Stonehenge, Bath and More – A Day Trip to the West Country:
I’ve lived in London for most of my adult life. Brief excursions to the country, with an idea of making some attempt at rural living failed dismally. Yet, I love the countryside, in particular the West Country where my mother grew up. We lived near Stonehenge for a few years when I was a child, but it was in the days when there was little or no security – we could and did climb on the stones.
Almost on principle I’ve avoided visiting ever since the area was cordoned off; even when I lived in Wiltshire I’d head for Avebury. I just thought I’d be disappointed. Bath by comparison has always been a favourite of mine. Romantic aspirations to be a modern day Jane Austin or, better still Emma Woodhouse or Elinor Dashwood, come to life for me wandering around the Georgian terraces of Bath.
Nevertheless if I had to pick places in the West Country that anyone visiting the UK should see, both Bath and Stonehenge would be right at the top of the list. So, I had no hesitation in accepting an invitation to travel to Stonehenge, Bath and a ‘Secret Location’ with The English Bus Company and through Viator. We’d be travelling in a smallish bus – no more than 16 passengers and our driver guide. We set off from a location not far from the London Eye to make our way across London. Traffic was bad, but our driver managed to combine navigating through a route aimed at minimising the delays with a potted London tour.
Stonehenge doesn’t have it’s own train station, so visitors need to drive, take a coach trip from London or Bath, or travel by train to Salisbury and then take the special Stonehenge tour bus. The English Bus Company option had the advantage of providing a knowledgeable guide/driver to get us to our destination, a small and friendly group of visitors to London and to the UK and of course, an itinerary that included Bath and a secret destination too. The Visitor Centre at Stonehenge has recently been redeveloped and there’s now an excellent cafe (I recommend the home made soup), a museum and a reconstruction of a Neolithic village, together with the ubiquitous souvenir shop. And, it’s a well managed, popular UNESCO site that seems to manage a large number of visitors in a way that means everyone can see the stone circle without feeling pressured.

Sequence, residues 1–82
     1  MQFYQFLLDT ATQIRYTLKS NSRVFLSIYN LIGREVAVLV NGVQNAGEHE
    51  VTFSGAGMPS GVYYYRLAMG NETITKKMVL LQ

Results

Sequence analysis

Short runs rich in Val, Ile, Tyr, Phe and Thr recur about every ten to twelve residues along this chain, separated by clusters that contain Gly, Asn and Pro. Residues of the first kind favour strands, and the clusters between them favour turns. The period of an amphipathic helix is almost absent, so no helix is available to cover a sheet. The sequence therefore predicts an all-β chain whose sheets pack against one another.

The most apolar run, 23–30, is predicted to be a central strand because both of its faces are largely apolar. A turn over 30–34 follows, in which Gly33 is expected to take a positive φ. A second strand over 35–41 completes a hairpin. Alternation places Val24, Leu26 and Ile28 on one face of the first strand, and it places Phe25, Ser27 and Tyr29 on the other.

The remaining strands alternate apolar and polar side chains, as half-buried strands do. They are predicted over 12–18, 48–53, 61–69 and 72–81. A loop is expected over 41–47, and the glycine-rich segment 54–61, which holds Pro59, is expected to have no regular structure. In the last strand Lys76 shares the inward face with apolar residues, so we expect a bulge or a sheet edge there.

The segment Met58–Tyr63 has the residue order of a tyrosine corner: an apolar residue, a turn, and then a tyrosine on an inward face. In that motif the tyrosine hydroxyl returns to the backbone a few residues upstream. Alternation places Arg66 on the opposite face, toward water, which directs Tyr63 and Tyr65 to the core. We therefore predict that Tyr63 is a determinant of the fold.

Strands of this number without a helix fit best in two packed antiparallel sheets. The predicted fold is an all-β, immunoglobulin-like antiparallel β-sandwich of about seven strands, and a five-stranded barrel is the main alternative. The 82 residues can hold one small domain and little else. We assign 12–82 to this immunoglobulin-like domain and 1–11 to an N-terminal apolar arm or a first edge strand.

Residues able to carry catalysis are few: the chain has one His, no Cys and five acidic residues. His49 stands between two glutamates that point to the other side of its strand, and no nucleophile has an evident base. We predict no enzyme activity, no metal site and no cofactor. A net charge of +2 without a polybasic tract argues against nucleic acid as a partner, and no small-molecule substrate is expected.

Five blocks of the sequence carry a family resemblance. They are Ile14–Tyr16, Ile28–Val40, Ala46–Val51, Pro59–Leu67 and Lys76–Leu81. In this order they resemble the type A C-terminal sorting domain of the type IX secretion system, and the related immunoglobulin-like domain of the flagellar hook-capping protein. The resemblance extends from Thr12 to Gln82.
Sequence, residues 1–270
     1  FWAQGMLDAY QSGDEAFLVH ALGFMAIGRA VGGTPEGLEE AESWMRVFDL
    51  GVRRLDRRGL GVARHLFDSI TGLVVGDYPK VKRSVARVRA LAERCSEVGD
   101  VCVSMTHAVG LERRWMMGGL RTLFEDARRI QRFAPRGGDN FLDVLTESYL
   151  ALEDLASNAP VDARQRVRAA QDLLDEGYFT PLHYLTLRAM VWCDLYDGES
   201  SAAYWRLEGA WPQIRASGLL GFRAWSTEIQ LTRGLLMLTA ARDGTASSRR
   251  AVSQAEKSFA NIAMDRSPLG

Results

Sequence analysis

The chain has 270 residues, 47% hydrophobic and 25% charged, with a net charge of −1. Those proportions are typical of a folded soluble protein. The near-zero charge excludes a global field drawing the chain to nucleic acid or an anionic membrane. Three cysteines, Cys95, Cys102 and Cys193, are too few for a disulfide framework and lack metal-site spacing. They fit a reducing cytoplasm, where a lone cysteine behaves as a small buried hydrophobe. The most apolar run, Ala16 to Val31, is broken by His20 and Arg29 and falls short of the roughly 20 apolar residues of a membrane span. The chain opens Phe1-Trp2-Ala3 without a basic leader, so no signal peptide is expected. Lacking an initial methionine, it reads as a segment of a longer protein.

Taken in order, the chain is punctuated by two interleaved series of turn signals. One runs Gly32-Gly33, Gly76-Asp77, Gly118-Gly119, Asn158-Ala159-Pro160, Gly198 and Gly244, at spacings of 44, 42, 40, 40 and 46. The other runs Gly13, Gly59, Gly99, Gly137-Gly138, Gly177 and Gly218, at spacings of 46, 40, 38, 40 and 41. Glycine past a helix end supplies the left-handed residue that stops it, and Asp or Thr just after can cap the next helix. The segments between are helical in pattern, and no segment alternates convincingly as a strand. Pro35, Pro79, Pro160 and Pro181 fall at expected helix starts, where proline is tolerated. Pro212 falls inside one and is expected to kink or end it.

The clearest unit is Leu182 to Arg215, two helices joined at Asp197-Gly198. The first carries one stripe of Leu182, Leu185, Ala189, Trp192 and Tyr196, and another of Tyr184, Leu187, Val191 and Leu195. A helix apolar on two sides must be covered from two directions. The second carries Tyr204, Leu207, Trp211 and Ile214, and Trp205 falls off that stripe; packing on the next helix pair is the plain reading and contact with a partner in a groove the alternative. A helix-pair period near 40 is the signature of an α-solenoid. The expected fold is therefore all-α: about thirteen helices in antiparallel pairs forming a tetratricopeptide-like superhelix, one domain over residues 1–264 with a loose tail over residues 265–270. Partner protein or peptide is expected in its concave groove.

From the Visitors Centre there’s a free shuttle service out to the stones and you can also pick up an audio guide (available in 10 languages). If you prefer, the guide can be downloaded onto your own device too.
It’s a VERY long time since I was last at Stonehenge and I left reassured that new visitors wouldn’t be disappointed. While you can’t walk into the stone circle any more, or climb up on the stones themselves, it’s such a magnificent construction that it still manages to be overwhelming.
On to Bath, where my own visit was cut short by a need to get back to London for a meeting. But those who were staying on and travelling back with the English Bus Company were treated to a walking tour with our guide/driver.
I just had a chance to walk around Bath Abbey (rebuilt on the site of an earlier church in 1616), peer enviously in at the diners enjoying afternoon tea in the Pump Room and skirt around the edges of the Roman Baths.
I spotted the relatively new Thermae Bath Spa too, somewhere to enjoy as a day spa and spend some time relaxing in the stunning rooftop pool. I’ll just have to come back won’t I?
Those staying on were taken home via a secret location. I still don’t know where! But, I suspect I wouldn’t have been allowed to share even if I had been able to stay.
I was a guest of Viator, who offer various trips, excursions and hand picked activities around the world. Our particular trip gets five stars on their site and costs from £79 per person. But there are plenty of alternatives and I know that I will be checking out the Viator site when I travel in the future, because they do seem to offer great insider insights to destinations around the world.